“My father told me that when Duvalier was here, it was easy to find food,” said Verginho Rejiste, a lanky 15-year-old. “And if you crossed him, he used the baton.”

Elcide Geodol, 19, jumped up from her seat. “It’s true that Duvalier used the club to push a political agenda,” she said. “But now we have gangs killing people, and we don’t know why.”

Alice Speri contributed reporting.


(VOA) -

Haiti's election commission says it will announce definitive results from the first round of a disputed November vote on Wednesday and has scheduled a second round for March 20.

The commission said Friday campaigning for the second round will run from February 17 until March 18.

The election news comes ahead of U.S. Secretary of State Hillary Clinton's trip to Haiti on Sunday, where she will meet with officials about the ongoing election crisis.

Haiti's ruling party says it asked its candidate in the election, Jude Celestin to withdraw from the second round election. The U.S. had been pressuring Haiti to accept the Organization of American States recommendation to pull Celestin out of the contest.

But Celestin has not confirmed his withdrawal.

According to official results, Celestin placed second behind former first lady, Mirlande Manigat, in the polling. Popular singer Michel Martelly was third. Martelly has threatened to bring protesters out into the streets if his name is not on the ballot in a runoff.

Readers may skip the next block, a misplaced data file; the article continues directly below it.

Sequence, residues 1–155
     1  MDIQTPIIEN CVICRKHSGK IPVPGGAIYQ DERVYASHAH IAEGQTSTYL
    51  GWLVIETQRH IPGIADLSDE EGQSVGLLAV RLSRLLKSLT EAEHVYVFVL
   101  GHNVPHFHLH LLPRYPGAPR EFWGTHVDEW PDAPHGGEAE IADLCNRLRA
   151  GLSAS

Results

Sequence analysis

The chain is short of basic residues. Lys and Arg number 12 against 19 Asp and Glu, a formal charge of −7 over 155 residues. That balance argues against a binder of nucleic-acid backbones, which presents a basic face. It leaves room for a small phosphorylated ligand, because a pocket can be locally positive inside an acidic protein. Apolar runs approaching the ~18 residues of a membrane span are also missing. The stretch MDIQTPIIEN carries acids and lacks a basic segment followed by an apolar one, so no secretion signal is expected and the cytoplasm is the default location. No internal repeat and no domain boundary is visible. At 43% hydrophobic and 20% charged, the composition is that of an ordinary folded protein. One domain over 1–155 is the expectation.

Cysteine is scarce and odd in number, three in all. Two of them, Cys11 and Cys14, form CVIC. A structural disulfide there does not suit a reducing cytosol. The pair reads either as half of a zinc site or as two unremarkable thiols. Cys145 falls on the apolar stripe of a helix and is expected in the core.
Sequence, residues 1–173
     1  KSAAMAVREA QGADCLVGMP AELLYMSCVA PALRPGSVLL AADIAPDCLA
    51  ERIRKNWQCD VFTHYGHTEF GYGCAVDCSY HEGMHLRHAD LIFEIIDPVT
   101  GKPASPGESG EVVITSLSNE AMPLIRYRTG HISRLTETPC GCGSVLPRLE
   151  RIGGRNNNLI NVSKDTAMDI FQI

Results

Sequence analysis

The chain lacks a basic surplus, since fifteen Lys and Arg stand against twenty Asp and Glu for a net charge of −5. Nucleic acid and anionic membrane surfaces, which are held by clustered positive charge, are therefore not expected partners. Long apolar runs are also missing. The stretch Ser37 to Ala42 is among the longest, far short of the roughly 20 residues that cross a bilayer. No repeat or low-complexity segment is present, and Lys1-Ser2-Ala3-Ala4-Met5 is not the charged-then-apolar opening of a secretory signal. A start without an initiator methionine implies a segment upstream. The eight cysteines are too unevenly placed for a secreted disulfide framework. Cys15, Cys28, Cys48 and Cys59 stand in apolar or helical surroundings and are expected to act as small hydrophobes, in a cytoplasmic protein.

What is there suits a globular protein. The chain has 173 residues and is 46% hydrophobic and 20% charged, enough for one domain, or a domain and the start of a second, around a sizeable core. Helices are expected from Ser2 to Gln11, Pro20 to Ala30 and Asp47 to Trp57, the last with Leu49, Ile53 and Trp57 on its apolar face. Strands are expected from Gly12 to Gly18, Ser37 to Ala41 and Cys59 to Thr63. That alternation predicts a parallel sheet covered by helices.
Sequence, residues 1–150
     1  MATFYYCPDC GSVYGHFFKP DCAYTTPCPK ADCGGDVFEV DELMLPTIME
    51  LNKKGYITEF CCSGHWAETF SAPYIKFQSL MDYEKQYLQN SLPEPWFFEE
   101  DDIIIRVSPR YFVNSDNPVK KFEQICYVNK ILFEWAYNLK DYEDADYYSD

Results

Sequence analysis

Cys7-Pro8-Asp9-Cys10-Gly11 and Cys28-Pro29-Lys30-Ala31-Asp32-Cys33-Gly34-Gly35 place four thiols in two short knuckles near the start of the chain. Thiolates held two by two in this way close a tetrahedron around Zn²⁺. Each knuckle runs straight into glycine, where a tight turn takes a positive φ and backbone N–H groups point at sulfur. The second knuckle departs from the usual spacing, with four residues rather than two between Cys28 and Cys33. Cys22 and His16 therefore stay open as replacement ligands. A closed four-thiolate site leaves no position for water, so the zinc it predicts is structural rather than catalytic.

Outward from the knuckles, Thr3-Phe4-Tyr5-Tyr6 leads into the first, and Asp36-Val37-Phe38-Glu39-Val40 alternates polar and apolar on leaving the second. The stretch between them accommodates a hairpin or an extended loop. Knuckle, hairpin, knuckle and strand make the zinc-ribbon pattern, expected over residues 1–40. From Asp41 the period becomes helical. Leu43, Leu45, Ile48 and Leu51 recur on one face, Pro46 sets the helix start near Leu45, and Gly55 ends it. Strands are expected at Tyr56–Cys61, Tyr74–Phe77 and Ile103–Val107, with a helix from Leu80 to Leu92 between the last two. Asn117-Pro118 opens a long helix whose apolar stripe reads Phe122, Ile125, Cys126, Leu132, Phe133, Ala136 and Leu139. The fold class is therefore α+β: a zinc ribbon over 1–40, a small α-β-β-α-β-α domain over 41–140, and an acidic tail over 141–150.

The U.S. has revoked the visas of about a dozen Haitian officials held responsible for abuses related to the November election.

Political tensions in Haiti have also been heightened by the surprise return earlier this month of ousted dictator Jean-Claude Duvalier after 25 years in exile. Haitian officials have charged him with corruption and embezzlement of public funds.

Several Haitians have filed lawsuits accusing Duvalier of human rights violations during his 15-year rule that ended in 1986.

Haiti is struggling to recover from last year's deadly earthquake that left more than 200,000 people dead and 1 million others homeless. The country also is also battling a deadly cholera outbreak.

Some information for this report was provided by AP, AFP and Reuters.

Saturday, January 29, 2011


It's been a busy time here. My sister was here with Holly and Morgan and just left. Now another team is coming to help out starting Tuesday. I'll post photos of Tanya's group next. Things have been busy here and they helped out a lot. Below is a newspaper article about Marlene's group that will be arriving here on Tuesday.

(Tillsonburg News) - By Jeff Tribe

The Angels For Haiti are carrying heartfelt handmade contributions from all over the world to children in a particularly disadvantaged part of the world.

" There's tons of kids in need, tons," said Marlene Magashazi, one of Woodingford Lodge's Angels For Haiti on the verge of a Monday departure south.